Electrical transmission lines from the local power utility

Do not underestimate the value of work order and infrastructure asset management to your utility

The greatest single component of rates charged to your ratepayers is to fund the infrastructure your utility has put in place to serve your customers. The Work Order Asset Management (WOAM) process is the foundation to the valuation of your utility’s infrastructure. The quality of your WOAM system has a great impact over your utility’s strategic and operational planning process and enterprise risk management process.

With our work in the utility industry, we hear the same lament and frustration from $1 billion utilities and $1 million utilities:

  • Our records are incomplete.
  • We can’t get the construction detail from the field to the office or from the office to the field.
  • There are utility plant dollars on the books that is not out there serving our customers.

What can be done? What are the basics of a work order asset management system? How can we implement it in our utility or change our processes to meet our finance and business needs, and use it to meet our strategic objectives such as reliable service at low cost?

Here’s an overview.

What is a Work Order Asset Management system?

The WOAM is a fundamental process and record-keeping tool in the utility business. Its foundations go back to the roots of the utility industry in the 1800s.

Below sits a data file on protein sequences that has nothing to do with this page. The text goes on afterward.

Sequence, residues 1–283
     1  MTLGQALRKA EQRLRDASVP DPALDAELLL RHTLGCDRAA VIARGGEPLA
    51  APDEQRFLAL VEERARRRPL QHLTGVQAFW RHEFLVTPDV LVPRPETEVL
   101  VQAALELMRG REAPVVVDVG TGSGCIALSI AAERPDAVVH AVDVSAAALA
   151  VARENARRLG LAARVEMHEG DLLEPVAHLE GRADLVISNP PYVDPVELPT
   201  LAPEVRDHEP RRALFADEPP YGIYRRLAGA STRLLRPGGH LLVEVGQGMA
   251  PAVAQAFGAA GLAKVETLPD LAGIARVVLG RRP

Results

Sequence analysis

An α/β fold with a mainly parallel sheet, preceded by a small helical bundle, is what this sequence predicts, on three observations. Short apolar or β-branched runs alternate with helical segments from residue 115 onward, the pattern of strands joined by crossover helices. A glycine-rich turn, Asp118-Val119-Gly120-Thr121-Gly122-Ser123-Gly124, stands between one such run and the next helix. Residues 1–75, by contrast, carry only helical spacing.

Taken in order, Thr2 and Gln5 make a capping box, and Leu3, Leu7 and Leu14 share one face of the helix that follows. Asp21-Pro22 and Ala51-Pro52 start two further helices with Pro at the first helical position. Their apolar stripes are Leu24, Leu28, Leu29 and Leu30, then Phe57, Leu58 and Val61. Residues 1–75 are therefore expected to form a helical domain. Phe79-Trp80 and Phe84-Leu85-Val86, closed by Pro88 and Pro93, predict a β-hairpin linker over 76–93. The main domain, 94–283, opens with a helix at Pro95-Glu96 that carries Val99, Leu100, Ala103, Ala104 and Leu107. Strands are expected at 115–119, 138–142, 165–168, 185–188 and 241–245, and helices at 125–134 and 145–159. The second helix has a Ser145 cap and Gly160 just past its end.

At its core, a WOAM:

  • Accumulates costs of utility construction and maintenance projects
  • Provides information to be used in transferring costs of construction and maintenance to final FERC accounts
  • Provides the support for calculating depreciation expense
  • Provides historical basis for plant retirement accounting
  • Provides data that becomes the final cost record of utility units of property throughout their useful life until taken out of service and retired or salvaged for future use

By definition a WOAM is:

"A system to summarize all direct and indirect costs of a construction project including direct costs (labor, materials, contractors), overhead costs (labor overheads, minor materials and materials handling, equipment) and indirect overheads (administrative and general, interest during construction)."

The theoretical foundation of a WOAM lies in its ability to accumulate all of the costs involved with the long-lived useful life of fixed assets that are installed to provide utility service. A WOAM also moves costs from the income statement of your utility to the balance sheet to recognize those utility infrastructure activities that benefit future periods and therefore require long-term funding from your ratepayers through their rates.

How can a WOAM benefit your utility?

A properly functioning WOAM is a vital tool in managing your utility’s business and providing effective, reliable service to your customers. The benefits and effort needed to establish, upgrade, or maintain your utility’s WOAM system far outweigh the time and cost involved.

A properly functioning WOAM provides these benefits: